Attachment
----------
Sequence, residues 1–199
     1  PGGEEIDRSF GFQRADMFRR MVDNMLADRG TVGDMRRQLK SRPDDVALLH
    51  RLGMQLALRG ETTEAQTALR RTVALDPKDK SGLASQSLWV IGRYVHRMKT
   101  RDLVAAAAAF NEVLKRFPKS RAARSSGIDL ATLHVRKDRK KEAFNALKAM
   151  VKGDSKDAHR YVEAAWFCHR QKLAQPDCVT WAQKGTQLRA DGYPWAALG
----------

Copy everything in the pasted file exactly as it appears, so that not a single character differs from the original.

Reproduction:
Sequence, residues 1–199
     1  PGGEEIDRSF GFQRADMFRR MVDNMLADRG TVGDMRRQLK SRPDDVALLH
    51  RLGMQLALRG ETTEAQTALR RTVALDPKDK SGLASQSLWV IGRYVHRMKT
   101  RDLVAAAAAF NEVLKRFPKS RAARSSGIDL ATLHVRKDRK KEAFNALKAM
   151  VKGDSKDAHR YVEAAWFCHR QKLAQPDCVT WAQKGTQLRA DGYPWAALG